ATA NBTA | The National Board of Trial Advocacy Association of Trial Lawyers of America Virginia Trial Lawyers Association National Asociation of Distinguished Counsel | Nation's Top One Percent | NADC AMERICAN INSTITUTE OF FAMILY ATTORNEYS

Can a child's preferences have an impact in a child custody case?

Parents are not the only ones who can go into a child custody case with very strong opinions. The child the case is focused on may have a preference regarding who will have custody of them.

A child's expressed preference regarding child custody can have impacts on a court's decision in a custody case. The best interests of the child are what are to drive the decisions of courts in Virginia custody cases. Under Virginia law, one of the things courts are generally to consider when determining what is in a child's best interests is the child's preference.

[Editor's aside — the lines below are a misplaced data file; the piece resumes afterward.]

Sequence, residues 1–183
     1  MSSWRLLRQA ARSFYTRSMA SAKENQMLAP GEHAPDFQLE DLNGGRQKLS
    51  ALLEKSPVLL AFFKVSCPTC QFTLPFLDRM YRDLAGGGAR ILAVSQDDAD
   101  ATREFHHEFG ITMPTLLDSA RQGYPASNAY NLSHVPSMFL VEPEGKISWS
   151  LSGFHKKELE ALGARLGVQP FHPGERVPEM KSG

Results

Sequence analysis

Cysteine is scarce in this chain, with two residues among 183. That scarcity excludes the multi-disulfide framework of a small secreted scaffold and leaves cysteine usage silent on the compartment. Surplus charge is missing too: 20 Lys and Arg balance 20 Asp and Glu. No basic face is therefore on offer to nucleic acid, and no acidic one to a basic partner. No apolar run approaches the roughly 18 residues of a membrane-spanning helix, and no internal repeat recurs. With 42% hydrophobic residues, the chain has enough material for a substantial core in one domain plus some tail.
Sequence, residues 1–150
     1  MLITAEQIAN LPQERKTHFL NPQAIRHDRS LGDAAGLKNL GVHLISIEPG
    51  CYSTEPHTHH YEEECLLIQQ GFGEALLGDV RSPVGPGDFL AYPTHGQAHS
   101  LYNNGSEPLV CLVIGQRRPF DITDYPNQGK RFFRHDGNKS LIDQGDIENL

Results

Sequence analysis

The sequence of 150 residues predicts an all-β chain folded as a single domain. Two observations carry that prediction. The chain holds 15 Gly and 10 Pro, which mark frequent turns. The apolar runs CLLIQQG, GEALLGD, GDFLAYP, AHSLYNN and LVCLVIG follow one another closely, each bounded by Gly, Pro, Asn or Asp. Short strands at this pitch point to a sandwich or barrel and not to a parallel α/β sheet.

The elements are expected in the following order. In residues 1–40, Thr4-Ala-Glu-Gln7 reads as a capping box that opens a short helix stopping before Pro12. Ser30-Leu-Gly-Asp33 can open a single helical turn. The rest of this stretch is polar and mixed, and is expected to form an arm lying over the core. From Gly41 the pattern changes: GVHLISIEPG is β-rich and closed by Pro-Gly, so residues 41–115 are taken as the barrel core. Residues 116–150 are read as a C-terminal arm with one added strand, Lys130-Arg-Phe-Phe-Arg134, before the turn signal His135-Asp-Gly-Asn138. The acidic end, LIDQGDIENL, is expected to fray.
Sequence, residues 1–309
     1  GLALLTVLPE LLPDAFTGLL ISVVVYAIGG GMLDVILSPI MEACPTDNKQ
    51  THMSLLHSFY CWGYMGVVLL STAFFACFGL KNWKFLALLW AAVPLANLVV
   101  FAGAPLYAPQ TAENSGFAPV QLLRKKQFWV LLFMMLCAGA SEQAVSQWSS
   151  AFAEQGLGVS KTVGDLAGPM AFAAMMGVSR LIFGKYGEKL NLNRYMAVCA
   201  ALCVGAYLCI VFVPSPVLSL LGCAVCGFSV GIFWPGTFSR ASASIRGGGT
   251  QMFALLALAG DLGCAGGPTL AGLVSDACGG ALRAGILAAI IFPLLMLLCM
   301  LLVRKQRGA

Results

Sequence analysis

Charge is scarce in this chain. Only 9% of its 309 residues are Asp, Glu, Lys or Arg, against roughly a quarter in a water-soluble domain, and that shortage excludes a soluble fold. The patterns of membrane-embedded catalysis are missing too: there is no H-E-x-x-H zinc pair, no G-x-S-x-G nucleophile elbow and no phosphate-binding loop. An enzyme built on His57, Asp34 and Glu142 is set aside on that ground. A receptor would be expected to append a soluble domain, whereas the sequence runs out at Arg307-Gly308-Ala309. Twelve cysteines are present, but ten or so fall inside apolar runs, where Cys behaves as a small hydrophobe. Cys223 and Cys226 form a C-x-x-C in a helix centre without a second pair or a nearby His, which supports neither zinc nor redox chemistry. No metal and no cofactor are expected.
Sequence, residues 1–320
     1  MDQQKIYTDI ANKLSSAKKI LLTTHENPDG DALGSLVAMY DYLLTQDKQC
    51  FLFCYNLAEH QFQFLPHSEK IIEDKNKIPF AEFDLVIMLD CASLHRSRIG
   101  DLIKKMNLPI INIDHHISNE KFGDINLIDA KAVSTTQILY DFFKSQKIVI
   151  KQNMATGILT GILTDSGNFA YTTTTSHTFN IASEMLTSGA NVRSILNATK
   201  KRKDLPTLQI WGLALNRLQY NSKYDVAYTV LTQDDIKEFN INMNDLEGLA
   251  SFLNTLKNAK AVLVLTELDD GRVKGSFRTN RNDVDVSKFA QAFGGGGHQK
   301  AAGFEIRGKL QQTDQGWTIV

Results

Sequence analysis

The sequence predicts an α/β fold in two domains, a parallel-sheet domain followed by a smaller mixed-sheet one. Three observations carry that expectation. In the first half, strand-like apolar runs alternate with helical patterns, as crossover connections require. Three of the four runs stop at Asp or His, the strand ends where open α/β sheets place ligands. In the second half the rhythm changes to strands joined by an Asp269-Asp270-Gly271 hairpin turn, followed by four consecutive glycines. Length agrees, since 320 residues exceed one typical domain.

One qualifier to this consideration is that the court must find that the child is capable of expressing a reasonable preference. Things courts look at when determining a child's ability to express a preference are the child's age, understanding, intelligence and experience.

Another important thing to note is that while a child's preference is one of the factors courts consider when looking at a child's best interests, it is certainly not the only one. There are all sorts of different best interest factors Virginia law directs courts to look at in custody cases. Thus, it is possible that, after considering all these different factors, a court will determine that it is in the child's best interests to put a different type of custody arrangement in place than the one the child expressed a preference for.

The issue of child preference underscores how child custody cases can be incredibly complex cases in which a wide variety of different things can play a role. Thus, parents may find it worthwhile to bring in a family law attorney to help guide them through the complexities of child custody proceedings.